What you must know about egg donors (because popular wisdom is not always wisdom)

One of thing that keeps surprising me is how urban legends are built up. I have a friend who has a friend who once… and so on…

Amongst recipients there are some wrong ideas regarding the donors that, to some extend, doctors have helped to become widespread. I’m going to share my opinion based on more than 10 years carrying out egg donations on these issues.

  1. The younger the better. These may seem quite obvious, but it isn’t. In Spain donors are between 18 and 35 years old, and this has an explanation. The fertility of the women remains the same during this period and the pregnancy rates are exactly the same as long as good embryos are transferred. Another thing is the number of oocytes that you harvest, that it’s slightly lower in donors older than 30. However the quality is still good enough to grant having both good pregnancy rates and the possibility of freezing embryos in the majority of the cycles. One thing that I believe is noticeable is that sometimes really young donors (18 or 19 years old) may yield worse oocytes than older ones. It’s like if the whole system of those young donors is not yet mature enough.
  2. Fertility proven donors are definitely better than those who are not. Not always. As it happens in infertile couples when a cycle ends up in a negative, we’re prone to blame the eggs too quickly. But the reasons of a failed cycle can be a bad uterus with fibroids or a poor developed endometrium, the coexistence of a male factor (something that nowadays happens in almost 40% of the egg donations) or just because the odds of getting pregnant even in an egg donation are still far from the desired 100%. So, once a donor has produced lovely eggs the likelihood of obtaining again good eggs in the next cycle is very high. This means good cycles with high chances of achieving a pregnancy. On the other hand donors who have previously get pregnant spontaneously may not necessarely have a good response when their ovaries are stimulated. One thing is having a good natural fertility and another is that her ovary may produce a sufficient number of follicles to become an egg donor. Quantity and quality are not always related.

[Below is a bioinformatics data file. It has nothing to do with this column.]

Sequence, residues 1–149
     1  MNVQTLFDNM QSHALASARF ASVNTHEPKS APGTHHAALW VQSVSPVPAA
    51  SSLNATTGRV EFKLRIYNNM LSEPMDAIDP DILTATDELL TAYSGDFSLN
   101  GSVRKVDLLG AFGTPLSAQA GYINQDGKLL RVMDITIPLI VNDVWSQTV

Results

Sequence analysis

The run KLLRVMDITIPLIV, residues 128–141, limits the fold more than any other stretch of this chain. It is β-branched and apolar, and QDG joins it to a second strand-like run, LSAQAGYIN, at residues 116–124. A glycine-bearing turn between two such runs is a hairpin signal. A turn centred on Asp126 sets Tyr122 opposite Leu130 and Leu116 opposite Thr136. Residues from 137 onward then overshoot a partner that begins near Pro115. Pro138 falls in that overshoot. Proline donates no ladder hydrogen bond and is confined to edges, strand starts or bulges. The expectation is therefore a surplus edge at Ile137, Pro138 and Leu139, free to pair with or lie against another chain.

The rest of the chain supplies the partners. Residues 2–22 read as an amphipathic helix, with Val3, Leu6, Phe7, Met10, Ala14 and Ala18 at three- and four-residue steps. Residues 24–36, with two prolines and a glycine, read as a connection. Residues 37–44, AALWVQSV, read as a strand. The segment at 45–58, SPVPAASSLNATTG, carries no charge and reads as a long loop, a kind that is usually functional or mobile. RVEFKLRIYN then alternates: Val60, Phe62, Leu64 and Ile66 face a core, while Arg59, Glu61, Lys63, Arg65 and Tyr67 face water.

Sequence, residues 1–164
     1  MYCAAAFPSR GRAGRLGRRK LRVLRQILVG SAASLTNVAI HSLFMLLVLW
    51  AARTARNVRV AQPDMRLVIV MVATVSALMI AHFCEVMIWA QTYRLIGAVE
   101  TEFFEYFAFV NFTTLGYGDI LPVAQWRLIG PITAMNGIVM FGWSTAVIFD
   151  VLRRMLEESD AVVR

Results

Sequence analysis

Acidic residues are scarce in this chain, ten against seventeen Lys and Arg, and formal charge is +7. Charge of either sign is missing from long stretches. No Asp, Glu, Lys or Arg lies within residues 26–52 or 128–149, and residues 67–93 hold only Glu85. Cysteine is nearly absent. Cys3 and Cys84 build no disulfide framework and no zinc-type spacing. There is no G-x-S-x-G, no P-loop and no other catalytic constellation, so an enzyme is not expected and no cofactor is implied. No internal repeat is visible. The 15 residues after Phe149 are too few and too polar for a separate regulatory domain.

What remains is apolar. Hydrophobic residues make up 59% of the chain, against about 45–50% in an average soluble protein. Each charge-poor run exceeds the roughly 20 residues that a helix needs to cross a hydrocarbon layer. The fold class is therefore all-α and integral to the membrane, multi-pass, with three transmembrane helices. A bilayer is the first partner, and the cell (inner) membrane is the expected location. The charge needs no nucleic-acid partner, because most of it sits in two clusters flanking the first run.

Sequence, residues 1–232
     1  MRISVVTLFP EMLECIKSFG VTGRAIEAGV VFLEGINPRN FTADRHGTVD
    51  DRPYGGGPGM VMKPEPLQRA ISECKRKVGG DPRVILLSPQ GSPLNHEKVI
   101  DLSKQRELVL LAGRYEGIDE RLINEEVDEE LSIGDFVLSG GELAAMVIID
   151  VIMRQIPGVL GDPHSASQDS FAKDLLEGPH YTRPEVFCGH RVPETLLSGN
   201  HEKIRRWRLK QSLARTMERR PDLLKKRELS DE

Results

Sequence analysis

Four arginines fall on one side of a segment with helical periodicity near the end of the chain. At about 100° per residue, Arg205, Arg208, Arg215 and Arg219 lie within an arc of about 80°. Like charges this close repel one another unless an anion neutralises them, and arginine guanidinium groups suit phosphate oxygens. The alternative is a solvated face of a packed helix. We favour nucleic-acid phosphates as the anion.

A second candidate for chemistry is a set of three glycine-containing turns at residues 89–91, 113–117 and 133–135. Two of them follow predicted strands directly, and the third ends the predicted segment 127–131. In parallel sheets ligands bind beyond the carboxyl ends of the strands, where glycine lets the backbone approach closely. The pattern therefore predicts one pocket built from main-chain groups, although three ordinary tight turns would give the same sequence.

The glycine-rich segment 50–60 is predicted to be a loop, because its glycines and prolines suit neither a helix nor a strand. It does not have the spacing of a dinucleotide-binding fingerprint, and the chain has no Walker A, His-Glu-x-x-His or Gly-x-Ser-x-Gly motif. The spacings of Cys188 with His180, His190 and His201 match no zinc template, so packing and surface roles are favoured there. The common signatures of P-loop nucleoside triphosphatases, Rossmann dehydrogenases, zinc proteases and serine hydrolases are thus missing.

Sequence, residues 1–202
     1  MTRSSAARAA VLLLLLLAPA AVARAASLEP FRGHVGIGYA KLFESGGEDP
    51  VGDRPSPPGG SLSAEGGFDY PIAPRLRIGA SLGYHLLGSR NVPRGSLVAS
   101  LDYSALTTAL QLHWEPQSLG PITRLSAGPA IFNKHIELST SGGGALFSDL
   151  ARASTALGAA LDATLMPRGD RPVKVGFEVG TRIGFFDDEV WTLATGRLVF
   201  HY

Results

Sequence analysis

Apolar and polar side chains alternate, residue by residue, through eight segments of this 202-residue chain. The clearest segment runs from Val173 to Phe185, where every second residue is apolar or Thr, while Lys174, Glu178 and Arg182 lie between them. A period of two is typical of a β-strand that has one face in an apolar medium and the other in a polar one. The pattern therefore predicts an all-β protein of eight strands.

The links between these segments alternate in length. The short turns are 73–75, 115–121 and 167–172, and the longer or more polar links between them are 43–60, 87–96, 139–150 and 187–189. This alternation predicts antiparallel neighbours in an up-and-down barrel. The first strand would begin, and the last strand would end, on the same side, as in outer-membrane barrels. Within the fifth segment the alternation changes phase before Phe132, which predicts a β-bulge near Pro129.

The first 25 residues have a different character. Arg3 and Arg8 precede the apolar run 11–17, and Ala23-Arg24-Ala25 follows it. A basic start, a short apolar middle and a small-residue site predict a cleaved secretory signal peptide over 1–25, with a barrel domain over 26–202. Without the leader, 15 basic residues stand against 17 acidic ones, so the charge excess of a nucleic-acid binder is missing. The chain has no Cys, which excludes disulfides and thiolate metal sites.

3. My baby is going to take after the donor. The donor is going to provide 23 chromosomes but, as I always tell my patients, this is a piece of clay that should be shaped during years by the parents, the family and the social environment. The fact that the donor likes the music does not mean that your baby will feel like hearing music  the whole day. This is something that has been repeatedly demonstrated in cases of identical twins who have been adopted and brought up by different families. They’ve developed completely different personalities. In fact, we believe  that the hardest part of “shaping”  the baby’s character and likings starts right after the delivery.

There are other issues that can be discussed regarding what popular wisdom says about donors and I’d like to write about them. So, if you have any suggestion about something that you’ve heard and want us to confirm, just let’s know. 

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